JAR (Java Archive) Isn’t Just for Old School Mobile Games
Built on the ZIP file format, a JAR file typically has a .jar file extension. Many of you probably remember these files from back in the day when games like Midnight Pool, Raging Thunder, or Line Rider reigned supreme on mobile phones. In this article, we dive deep into the technical aspects of the JAR file format as well as different ways how to open JAR files and recover them.
What Is a JAR File?
JAR files are associated with Java, a general-purpose computer programming language specifically designed to have as few implementation dependencies as possible. This, along with several other important features, made it highly suitable for early mobile and web development. When developers create a new mobile or web app which included audio and image files as well as class files, they needed a way how to distribute it easily. The JAR file format was created to do just that.
Instead of starting from scratch, JAR was based on ZIP, an archive file format that supports lossless data compression. As such, JAR inherited many features from ZIP and added several new ones. Developers were quick to embrace JAR as the go-to method how to aggregate many project files into one file which could be further compressed to save bandwidth.
Most JAR files contain a manifest file, which describes how to use the JAR file and specifies other JAR files to load with the JAR. Furthermore, it’s possible to digitally sign JAR files for extra security. In case user’s Java runtime encounters a signed JAR file, it will refuse to load any classes that don’t match the signature that the JAR file.
These days, the JAR file format is still widely used to distribute software written in Java across multiple platforms. For example, before they were acquired by Microsoft, Mojang used a single downloadable JAR installer to distribute Minecraft. The Linux version of the game is still distributed this way to this day.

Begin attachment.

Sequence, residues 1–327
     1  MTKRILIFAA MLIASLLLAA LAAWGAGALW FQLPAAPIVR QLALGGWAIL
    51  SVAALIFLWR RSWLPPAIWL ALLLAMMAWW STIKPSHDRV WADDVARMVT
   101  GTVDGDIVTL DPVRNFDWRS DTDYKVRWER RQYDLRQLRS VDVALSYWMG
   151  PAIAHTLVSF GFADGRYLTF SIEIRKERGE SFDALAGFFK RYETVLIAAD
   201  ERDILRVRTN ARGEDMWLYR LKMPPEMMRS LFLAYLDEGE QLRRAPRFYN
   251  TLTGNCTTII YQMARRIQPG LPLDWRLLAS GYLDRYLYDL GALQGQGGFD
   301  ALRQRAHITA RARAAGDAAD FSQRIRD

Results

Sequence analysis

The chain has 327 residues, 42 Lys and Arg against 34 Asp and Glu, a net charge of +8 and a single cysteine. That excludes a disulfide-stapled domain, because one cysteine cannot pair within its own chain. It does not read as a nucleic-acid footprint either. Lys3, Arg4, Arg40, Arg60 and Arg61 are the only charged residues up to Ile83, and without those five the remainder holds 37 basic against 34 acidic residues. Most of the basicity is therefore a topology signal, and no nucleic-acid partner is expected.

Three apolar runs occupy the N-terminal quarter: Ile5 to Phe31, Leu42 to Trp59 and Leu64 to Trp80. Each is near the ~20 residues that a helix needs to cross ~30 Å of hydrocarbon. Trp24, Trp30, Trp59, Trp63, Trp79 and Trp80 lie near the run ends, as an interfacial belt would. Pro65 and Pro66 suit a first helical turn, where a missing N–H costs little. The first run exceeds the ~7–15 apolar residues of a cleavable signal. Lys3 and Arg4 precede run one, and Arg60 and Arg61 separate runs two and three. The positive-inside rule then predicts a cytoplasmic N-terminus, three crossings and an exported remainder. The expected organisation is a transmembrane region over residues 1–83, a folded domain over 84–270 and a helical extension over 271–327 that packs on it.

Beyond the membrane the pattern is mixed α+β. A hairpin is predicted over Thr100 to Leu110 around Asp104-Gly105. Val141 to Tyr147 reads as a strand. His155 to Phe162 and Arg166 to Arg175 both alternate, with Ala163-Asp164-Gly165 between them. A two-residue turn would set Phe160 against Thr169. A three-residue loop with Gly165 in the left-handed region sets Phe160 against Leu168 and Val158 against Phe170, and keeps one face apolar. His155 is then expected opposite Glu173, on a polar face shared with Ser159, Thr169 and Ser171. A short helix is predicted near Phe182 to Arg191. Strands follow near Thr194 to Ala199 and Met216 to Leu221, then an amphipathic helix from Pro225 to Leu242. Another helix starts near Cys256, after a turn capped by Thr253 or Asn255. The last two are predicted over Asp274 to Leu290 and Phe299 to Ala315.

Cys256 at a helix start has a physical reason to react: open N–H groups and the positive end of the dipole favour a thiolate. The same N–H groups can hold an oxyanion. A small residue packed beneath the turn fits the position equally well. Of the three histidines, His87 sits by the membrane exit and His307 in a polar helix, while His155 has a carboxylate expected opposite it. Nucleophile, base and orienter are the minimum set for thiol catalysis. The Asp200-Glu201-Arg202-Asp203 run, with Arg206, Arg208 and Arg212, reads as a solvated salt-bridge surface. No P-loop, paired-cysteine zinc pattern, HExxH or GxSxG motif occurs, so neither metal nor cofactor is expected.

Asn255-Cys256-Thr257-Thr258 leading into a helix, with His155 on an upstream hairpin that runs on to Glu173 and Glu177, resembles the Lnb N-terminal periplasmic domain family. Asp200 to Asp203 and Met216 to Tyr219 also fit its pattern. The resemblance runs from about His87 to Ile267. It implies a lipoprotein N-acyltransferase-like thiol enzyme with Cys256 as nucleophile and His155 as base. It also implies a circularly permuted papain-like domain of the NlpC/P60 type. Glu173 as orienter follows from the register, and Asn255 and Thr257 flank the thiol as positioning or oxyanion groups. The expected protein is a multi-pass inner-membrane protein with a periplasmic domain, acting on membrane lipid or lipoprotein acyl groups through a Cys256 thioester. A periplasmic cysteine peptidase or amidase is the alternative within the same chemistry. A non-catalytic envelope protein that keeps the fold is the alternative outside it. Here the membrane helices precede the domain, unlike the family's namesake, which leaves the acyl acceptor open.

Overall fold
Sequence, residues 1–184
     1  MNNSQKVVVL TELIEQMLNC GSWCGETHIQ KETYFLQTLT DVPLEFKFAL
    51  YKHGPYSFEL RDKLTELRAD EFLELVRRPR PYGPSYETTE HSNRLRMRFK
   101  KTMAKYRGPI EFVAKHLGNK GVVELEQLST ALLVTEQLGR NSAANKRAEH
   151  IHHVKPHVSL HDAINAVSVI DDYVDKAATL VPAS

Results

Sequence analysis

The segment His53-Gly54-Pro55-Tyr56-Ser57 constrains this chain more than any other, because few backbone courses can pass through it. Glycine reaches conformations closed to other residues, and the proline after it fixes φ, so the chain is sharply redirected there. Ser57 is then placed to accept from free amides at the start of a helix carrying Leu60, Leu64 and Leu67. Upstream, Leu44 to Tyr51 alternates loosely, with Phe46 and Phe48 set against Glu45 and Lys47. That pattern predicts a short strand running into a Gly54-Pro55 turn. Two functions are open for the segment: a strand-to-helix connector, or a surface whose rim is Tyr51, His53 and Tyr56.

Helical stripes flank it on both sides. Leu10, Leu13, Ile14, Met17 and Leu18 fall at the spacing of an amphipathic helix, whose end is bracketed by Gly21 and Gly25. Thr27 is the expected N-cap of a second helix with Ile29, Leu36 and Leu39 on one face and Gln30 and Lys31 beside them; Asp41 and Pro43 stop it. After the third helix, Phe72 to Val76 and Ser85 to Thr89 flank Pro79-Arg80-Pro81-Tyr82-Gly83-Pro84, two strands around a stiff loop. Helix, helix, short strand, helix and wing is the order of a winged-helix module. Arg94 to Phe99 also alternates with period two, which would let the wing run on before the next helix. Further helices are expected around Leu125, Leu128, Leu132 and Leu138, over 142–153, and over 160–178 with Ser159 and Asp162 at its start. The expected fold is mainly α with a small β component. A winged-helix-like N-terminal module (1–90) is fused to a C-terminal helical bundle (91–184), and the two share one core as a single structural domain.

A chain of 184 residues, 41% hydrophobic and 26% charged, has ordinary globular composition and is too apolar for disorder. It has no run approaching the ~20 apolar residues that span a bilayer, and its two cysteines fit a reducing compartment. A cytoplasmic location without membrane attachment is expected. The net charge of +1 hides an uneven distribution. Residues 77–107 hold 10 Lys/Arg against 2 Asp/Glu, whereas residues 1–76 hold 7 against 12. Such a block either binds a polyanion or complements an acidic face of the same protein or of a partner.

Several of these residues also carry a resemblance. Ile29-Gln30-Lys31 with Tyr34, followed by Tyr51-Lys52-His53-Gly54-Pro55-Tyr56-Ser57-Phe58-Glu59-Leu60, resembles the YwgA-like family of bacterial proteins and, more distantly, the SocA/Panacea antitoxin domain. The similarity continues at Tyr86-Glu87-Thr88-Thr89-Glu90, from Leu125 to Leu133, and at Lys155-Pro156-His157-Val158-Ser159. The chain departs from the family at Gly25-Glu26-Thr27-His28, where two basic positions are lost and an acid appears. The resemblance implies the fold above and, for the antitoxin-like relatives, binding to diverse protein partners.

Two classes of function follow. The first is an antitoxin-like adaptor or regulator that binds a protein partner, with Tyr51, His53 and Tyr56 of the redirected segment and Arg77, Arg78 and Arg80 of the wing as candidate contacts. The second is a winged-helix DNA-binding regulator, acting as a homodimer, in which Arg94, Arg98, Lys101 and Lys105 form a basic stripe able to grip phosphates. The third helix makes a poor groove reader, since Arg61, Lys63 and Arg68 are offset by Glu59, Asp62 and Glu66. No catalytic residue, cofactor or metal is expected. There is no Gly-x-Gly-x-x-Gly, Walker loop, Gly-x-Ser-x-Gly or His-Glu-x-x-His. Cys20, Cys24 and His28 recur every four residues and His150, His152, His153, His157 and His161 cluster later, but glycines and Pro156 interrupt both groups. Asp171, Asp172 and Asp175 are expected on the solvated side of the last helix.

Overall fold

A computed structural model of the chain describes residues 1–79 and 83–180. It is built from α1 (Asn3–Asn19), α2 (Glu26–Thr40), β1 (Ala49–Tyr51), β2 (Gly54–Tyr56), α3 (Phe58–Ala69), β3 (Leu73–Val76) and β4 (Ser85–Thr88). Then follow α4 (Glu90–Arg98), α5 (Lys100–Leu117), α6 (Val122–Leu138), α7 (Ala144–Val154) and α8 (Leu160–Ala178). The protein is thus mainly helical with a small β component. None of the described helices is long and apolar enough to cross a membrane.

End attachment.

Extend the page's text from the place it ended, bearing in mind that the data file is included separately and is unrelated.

How to Open JAR Files?
To open any JAR file, you’ll need to install Java on your system. Two most popular implementations of Java are from Oracle and Open JDK. Because applications have been written with one or the other in mind, you should always use the version recommended by the developers of the program you’re trying to run. For example, the developers of Freenet recommend using Java from Oracle for best performance.
With Java installed on your system, you should be able to run any JAR program by typing “java -jar foo.jar” into the command line (replace the “foo” with the name of the program you want to run). If you don’t want to run the JAR file, you can view individual files within it using a file archiver such as 7-Zip or WinRAR.
How to Recover Deleted JAR Files?
Imagine the following situation: you’ve been developing a multi-platform software in Java for what seems like ages, and you’re finally ready to ship it. You pack everything into a neat JAR file that’s ready for distribution when the worst happens—your hard drive crashes. You quickly boot from another hard drive to see how bad it is, only to discover that all JAR files are gone.
If you hadn’t known any better, you would have probably taken the hard drive to a specialized data recovery place, where they would charge you thousands of dollars. Fortunately, you do know better, and you immediately open your web browser and download the latest version of Disk Drill. With it, you restore all lost files in a very short time for free.